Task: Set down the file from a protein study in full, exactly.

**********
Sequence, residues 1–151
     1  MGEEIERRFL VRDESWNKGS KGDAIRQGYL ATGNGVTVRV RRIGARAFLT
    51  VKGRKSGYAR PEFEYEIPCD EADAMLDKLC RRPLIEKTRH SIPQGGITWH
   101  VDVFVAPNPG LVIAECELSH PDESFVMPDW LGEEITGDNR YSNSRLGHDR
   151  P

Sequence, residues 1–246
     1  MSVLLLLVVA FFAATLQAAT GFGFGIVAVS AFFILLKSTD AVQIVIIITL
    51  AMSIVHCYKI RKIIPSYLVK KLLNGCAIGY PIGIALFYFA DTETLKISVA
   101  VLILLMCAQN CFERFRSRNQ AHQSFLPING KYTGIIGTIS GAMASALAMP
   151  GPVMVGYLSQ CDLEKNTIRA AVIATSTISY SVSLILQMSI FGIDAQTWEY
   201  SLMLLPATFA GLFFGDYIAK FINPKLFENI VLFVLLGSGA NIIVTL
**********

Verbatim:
Sequence, residues 1–151
     1  MGEEIERRFL VRDESWNKGS KGDAIRQGYL ATGNGVTVRV RRIGARAFLT
    51  VKGRKSGYAR PEFEYEIPCD EADAMLDKLC RRPLIEKTRH SIPQGGITWH
   101  VDVFVAPNPG LVIAECELSH PDESFVMPDW LGEEITGDNR YSNSRLGHDR
   151  P

Sequence, residues 1–246
     1  MSVLLLLVVA FFAATLQAAT GFGFGIVAVS AFFILLKSTD AVQIVIIITL
    51  AMSIVHCYKI RKIIPSYLVK KLLNGCAIGY PIGIALFYFA DTETLKISVA
   101  VLILLMCAQN CFERFRSRNQ AHQSFLPING KYTGIIGTIS GAMASALAMP
   151  GPVMVGYLSQ CDLEKNTIRA AVIATSTISY SVSLILQMSI FGIDAQTWEY
   201  SLMLLPATFA GLFFGDYIAK FINPKLFENI VLFVLLGSGA NIIVTL